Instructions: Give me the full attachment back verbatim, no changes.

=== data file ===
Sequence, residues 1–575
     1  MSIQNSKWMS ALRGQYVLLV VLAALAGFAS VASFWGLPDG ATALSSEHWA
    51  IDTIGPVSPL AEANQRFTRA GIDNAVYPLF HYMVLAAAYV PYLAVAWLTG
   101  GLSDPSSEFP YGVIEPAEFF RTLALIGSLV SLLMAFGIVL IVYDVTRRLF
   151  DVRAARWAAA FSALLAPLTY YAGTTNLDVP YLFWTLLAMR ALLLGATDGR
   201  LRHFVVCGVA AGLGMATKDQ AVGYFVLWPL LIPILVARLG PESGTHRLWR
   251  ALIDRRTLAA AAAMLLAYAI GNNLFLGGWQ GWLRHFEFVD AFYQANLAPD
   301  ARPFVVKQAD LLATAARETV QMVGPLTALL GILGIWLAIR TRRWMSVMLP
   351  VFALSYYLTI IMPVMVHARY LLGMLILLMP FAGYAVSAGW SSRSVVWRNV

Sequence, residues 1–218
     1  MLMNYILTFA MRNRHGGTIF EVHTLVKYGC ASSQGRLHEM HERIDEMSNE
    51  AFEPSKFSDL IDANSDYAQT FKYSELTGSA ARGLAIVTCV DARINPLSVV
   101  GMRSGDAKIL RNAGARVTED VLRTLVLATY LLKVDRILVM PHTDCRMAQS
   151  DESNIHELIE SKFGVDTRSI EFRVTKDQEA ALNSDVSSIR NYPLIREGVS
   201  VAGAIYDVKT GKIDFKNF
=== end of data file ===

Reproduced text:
Sequence, residues 1–575
     1  MSIQNSKWMS ALRGQYVLLV VLAALAGFAS VASFWGLPDG ATALSSEHWA
    51  IDTIGPVSPL AEANQRFTRA GIDNAVYPLF HYMVLAAAYV PYLAVAWLTG
   101  GLSDPSSEFP YGVIEPAEFF RTLALIGSLV SLLMAFGIVL IVYDVTRRLF
   151  DVRAARWAAA FSALLAPLTY YAGTTNLDVP YLFWTLLAMR ALLLGATDGR
   201  LRHFVVCGVA AGLGMATKDQ AVGYFVLWPL LIPILVARLG PESGTHRLWR
   251  ALIDRRTLAA AAAMLLAYAI GNNLFLGGWQ GWLRHFEFVD AFYQANLAPD
   301  ARPFVVKQAD LLATAARETV QMVGPLTALL GILGIWLAIR TRRWMSVMLP
   351  VFALSYYLTI IMPVMVHARY LLGMLILLMP FAGYAVSAGW SSRSVVWRNV

Sequence, residues 1–218
     1  MLMNYILTFA MRNRHGGTIF EVHTLVKYGC ASSQGRLHEM HERIDEMSNE
    51  AFEPSKFSDL IDANSDYAQT FKYSELTGSA ARGLAIVTCV DARINPLSVV
   101  GMRSGDAKIL RNAGARVTED VLRTLVLATY LLKVDRILVM PHTDCRMAQS
   151  DESNIHELIE SKFGVDTRSI EFRVTKDQEA ALNSDVSSIR NYPLIREGVS
   201  VAGAIYDVKT GKIDFKNF